Short-termism and lack of oversight has crippled adult social care says NAO
Short-term funding and the lack of a long-term vision has hampered planning, innovation and investment in adult social care. The current accountability and oversight arrangements are ineffective for overseeing the care market, according to a report by the National Audit Office.
The NAO says current accountability and oversight arrangements for adult social care are ineffective and although the CQC rates most care as good, the Department of Health and Social Care lacks visibility of how effectively local authorities commission care and the outcomes achieved. It has no legal powers to intervene or hold individual authorities to account. This limits the Department’s ability to assess how well money is being spent, or what additional funding is needed to support care users. The Department has increased its focus on adult social care in response to COVID-19; it has taken steps to increase its capacity and address data gaps, and in February 2021 published a white paper with proposals to improve the data it collects and its oversight of local authority delivery of social care.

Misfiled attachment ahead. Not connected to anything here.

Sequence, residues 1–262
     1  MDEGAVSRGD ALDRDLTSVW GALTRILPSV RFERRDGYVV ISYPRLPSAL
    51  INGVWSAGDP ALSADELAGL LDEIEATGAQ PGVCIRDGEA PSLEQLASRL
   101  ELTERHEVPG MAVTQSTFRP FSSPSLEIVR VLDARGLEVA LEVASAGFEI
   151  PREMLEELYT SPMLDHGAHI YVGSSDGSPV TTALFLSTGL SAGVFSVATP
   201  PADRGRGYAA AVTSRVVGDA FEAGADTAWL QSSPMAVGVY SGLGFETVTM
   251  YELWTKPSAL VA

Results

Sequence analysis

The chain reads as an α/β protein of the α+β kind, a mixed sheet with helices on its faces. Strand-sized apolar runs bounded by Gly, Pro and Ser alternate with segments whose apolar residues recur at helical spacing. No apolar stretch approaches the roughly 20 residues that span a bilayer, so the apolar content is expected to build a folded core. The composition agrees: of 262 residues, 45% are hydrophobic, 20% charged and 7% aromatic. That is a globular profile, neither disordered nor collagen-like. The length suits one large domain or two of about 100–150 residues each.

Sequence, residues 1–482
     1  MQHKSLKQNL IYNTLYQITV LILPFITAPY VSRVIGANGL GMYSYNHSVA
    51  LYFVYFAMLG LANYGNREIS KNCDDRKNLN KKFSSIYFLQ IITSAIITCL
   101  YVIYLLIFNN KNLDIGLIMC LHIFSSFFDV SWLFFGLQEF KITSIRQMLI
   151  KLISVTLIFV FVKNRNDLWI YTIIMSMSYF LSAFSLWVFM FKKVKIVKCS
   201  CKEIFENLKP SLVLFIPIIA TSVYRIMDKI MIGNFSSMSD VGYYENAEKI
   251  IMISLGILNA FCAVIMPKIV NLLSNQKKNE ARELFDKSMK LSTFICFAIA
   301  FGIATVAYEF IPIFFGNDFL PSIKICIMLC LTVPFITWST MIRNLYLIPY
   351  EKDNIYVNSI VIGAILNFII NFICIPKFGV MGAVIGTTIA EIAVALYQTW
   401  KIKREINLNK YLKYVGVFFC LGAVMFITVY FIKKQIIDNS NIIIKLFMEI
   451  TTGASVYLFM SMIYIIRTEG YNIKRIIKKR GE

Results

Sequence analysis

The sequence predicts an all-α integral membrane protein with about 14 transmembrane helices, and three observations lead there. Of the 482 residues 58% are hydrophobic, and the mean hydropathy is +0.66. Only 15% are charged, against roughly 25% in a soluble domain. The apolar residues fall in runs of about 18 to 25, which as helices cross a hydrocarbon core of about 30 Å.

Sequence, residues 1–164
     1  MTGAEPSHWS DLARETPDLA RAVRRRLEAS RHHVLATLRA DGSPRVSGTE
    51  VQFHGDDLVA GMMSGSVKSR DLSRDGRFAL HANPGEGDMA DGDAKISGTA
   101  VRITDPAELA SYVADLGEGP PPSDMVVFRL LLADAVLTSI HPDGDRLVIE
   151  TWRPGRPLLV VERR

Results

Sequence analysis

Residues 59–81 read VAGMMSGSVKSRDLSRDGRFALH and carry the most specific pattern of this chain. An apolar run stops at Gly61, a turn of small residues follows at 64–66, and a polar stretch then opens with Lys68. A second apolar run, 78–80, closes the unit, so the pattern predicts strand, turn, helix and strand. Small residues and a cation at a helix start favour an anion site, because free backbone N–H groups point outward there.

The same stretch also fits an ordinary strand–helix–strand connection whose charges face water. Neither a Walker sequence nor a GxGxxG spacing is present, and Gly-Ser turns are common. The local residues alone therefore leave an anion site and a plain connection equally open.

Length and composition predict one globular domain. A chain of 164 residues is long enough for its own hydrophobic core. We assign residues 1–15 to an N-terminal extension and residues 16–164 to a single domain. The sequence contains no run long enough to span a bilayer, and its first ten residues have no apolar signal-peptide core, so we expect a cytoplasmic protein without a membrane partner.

“Short-term funding settlements have hampered long-term planning for adult social care. The NAO has previously emphasised the importance of clarity over funding beyond the end of a spending review.1 Uncertainty has made it difficult for local authorities, facing significant financial pressures, to plan how much care they could purchase beyond the current financial year, constraining much needed innovation and investment. For 2019-20, the Department assessed that most local authorities pay care providers below a sustainable rate for care’” says that NAO.
It adds that, despite many years of government papers, consultations and reviews, the Department has not brought forward a long-term plan for care. The pandemic has delayed promised reforms as government prioritises the COVID-19 response. The Department will be leading reform plans and has committed to bringing forward proposals in 2021. Reforming the sector will be a significant challenge and will need a whole system, cross-government approach.
Gareth Davies, the head of the NAO, said: “The lack of a long-term vision for adult social care coupled with ineffective oversight of the system means people may not get the care that best supports them.
“The Department of Health and Social Care has increased its focus on adult social care in response to the COVID-19 pandemic. It needs to build on this to ensure that its long-awaited reforms deliver affordable, high quality and sustainable adult social care for the future.”